The scorching heat has given way to the monsoon showers. Did you know that as the seasons change, so does our palate?
“While summer saps your energy, monsoon rejuvenates it. Your appetite goes up. You yearn for forgotten delicacies. Piquant and pungent, fried and spicy, anything that tickles the palate is welcome,” says Pushpesh Pant, food critic and food historian.
The Padma Shri awardee has collaborated with Davinder Kumar, executive chef, Le Meridien, New Delhi and after serious brainstorming, curated an appetising menu for the ongoing monsoon food festival Romancing The Rains at Eau De Monsoon restaurant in the hotel.
“The menu showcases coastal Indian cuisines, with emphasis on Goan, Malabari and Bengali. The idea is to promote fresh and healthy seasonal ingredients. Most restaurants don’t serve food as per the seasons, which can be unhealthy and lead to stomach infections,” says Pant.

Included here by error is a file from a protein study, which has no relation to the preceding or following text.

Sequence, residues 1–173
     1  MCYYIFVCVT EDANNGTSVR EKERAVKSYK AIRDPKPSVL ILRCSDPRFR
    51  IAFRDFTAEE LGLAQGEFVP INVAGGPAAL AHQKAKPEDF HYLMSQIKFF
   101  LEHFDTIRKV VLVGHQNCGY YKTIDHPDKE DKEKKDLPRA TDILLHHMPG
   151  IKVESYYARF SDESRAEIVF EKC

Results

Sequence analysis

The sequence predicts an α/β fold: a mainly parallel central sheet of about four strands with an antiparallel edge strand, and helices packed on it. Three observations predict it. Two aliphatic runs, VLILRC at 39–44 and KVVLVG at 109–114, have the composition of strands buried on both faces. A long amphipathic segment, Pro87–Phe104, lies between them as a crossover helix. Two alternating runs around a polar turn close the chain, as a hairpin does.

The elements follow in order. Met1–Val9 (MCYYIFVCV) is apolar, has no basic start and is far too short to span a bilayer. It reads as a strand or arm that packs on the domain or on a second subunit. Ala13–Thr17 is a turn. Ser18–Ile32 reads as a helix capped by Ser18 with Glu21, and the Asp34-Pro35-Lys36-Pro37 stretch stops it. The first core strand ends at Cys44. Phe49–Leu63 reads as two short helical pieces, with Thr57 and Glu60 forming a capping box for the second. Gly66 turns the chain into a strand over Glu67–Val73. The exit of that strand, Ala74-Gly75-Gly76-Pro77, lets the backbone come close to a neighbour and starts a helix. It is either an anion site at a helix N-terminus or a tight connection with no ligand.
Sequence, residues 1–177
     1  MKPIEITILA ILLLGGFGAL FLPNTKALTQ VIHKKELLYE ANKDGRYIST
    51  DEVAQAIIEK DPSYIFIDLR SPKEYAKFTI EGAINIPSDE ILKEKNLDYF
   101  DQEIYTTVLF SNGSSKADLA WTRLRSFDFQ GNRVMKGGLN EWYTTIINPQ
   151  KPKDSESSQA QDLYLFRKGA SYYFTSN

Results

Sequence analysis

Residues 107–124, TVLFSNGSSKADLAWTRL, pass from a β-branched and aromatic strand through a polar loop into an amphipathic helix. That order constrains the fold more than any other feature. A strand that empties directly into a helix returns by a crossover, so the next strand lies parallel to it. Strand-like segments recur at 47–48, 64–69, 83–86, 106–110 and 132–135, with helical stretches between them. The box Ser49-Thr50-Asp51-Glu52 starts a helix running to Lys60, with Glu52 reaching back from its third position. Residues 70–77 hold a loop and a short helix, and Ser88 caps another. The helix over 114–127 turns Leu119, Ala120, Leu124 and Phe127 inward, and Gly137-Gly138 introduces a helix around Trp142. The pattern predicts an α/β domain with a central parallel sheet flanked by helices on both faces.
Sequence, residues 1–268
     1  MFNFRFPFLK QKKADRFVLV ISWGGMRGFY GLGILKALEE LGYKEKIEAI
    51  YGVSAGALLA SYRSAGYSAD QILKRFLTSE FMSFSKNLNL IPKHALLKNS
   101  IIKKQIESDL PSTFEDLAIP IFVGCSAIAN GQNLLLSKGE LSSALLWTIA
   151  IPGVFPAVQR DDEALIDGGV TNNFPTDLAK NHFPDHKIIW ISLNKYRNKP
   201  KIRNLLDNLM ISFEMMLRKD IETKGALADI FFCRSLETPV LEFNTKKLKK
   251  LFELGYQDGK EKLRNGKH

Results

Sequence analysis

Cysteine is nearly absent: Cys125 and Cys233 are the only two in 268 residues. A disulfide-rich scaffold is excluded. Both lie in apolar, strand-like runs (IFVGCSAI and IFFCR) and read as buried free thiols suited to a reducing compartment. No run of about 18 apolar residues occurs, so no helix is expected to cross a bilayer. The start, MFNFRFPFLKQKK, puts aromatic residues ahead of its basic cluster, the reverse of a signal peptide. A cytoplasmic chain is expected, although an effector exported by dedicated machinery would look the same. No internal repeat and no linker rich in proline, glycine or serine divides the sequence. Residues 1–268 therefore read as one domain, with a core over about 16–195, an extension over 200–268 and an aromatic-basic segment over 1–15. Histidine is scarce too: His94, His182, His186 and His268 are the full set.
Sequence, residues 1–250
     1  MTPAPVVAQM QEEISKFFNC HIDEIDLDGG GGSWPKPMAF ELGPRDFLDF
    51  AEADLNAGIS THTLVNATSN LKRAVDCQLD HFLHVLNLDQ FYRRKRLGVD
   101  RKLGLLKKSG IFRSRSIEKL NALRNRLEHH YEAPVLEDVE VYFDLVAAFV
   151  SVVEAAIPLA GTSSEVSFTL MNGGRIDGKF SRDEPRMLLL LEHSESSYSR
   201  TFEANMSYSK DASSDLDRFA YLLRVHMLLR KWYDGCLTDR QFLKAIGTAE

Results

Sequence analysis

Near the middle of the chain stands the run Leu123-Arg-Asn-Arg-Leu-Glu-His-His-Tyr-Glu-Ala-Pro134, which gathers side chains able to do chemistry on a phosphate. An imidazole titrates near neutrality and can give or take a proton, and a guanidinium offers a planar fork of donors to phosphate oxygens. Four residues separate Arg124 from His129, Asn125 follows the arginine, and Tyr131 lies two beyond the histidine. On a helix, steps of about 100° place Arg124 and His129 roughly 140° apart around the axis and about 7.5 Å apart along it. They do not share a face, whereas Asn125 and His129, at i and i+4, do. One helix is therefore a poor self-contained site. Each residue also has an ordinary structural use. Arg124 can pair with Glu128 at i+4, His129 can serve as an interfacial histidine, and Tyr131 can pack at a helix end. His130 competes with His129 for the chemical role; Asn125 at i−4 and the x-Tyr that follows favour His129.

You can enjoy Kankrhar Jhal (a classic crab curry) from Bengal; Kayaaattira Chikary (mutton cooked with raw banana slices) from Malabar; Beringelas Fritas (sliced, crisply fried aubergines) and Chicken Xacuti (an Indo-Portuguese specialty) from Goa and more at this fest. “Traditional coastal cuisines of India team well with the monsoon season,” says Davinder Kumar, Executive Chef, Le Meridien, New Delhi
Pant believes that with many Indian restaurants riding on molecular gastronomy, traditional Indian cuisine has taken a back seat. “Dramatic presentation doesn’t mean the quality of food is good. What matters is the authenticity and uniqueness of taste.”
“Consumers seem enamoured with Michelin restaurants. But what does the Michelin star award jury know about Indian food? It’s a traveller’s guide; we are too hung up on it. I would take something that Manish Mehrotra does at Indian Accent or Davinder Kumar’s traditional Indian food more seriously,” he says.